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Mathematicians Automate Gender Recognition

A University of Western Australia team of three computer scientists and two human anatomy experts has developed a mathematical model that matches the gender scores people give to human faces, ranging on a continuum from very masculine to very feminine.

Lead author of the PLOS One study, PhD student Syed Zulqarnain Gilani, said the model will be useful for quickly and accurately evaluating gender scores in research, such as investigating the relationship between masculinity and femininity and health, and in evaluating the success of cosmetic facial surgery.

“Until now the tool-of-choice for getting a gender score has been to call in subjects – sometimes as many as 300 per study – and to recruit raters to give each subject’s face a score,” he said. “Sometimes almost 700 raters might be needed for a study, giving as many as more than 22,000 ratings which then have to be evaluated. This is a very cumbersome and slow process.”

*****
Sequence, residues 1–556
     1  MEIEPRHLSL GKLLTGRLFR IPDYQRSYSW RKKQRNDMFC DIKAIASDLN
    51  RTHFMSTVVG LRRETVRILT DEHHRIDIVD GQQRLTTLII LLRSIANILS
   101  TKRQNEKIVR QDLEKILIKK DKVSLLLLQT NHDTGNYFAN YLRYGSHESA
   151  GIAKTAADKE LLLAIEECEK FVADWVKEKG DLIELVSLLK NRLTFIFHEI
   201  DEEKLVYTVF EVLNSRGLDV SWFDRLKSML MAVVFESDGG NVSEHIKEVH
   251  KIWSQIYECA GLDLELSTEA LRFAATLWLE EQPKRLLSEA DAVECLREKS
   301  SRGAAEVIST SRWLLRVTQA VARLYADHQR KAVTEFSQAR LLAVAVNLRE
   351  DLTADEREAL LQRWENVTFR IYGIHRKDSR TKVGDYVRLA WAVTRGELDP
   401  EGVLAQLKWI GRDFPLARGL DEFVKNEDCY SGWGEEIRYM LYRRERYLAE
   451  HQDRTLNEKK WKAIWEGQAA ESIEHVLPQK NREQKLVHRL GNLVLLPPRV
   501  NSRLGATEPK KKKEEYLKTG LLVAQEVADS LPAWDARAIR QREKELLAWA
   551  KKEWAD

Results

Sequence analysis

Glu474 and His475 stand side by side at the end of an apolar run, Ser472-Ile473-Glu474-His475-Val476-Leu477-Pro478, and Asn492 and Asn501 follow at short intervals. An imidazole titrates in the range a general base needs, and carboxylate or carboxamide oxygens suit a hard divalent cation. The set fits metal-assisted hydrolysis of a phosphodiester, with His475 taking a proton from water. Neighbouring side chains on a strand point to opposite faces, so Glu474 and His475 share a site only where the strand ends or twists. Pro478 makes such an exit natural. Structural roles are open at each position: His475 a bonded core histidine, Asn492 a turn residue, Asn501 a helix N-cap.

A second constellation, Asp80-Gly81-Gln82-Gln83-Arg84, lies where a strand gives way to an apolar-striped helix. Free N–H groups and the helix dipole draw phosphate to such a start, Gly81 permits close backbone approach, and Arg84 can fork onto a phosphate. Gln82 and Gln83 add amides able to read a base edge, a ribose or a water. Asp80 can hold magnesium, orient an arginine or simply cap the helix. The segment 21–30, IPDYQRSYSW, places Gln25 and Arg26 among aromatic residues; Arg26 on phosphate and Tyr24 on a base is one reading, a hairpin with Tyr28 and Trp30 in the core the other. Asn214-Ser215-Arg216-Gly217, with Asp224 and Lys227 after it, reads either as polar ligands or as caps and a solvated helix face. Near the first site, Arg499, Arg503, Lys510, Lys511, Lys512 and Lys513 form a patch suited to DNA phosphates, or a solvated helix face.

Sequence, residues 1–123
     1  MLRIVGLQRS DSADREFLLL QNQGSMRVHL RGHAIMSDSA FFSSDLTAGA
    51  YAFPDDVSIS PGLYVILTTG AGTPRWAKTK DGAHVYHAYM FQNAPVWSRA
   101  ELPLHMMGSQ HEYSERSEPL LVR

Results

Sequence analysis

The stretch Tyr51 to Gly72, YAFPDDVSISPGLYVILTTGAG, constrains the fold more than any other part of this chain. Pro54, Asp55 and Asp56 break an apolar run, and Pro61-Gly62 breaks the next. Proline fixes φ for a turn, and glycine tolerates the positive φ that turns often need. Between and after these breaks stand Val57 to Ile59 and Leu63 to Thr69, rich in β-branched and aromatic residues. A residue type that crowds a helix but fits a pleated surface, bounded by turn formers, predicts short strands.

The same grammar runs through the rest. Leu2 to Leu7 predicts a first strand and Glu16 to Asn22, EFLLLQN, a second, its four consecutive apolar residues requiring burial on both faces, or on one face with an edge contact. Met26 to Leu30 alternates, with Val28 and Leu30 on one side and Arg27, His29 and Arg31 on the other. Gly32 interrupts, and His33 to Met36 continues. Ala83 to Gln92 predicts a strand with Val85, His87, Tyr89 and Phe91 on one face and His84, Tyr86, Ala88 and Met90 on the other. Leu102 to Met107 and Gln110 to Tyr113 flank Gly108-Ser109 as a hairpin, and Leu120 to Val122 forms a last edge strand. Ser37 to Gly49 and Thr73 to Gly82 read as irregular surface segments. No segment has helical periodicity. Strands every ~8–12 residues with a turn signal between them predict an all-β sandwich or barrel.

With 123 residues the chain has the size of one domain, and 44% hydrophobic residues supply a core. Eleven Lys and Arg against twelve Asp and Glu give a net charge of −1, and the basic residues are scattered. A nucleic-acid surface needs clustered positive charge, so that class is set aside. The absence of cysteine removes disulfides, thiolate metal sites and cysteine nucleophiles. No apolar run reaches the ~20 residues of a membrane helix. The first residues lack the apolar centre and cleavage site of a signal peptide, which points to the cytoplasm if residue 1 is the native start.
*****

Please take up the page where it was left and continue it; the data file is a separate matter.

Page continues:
The team recruited 34 female and 30 male students aged about 20 and of different races, and invited 75 raters to give each of the 64 faces a gender score. Having analysed the scores, the team developed an algorithm that combines the two forms of distances: Euclidean (ruler) and geodesic (contours).

“Our results suggest that the human cognitive system employs a combination of Euclidean and geodesic distances between biologically significant landmarks of the face for gender scoring,” Syed said. “Our mathematical model is able to automatically assign an objective gender score to a 3D face with a correlation of up to 0.895 with the human subjective scores,” he said.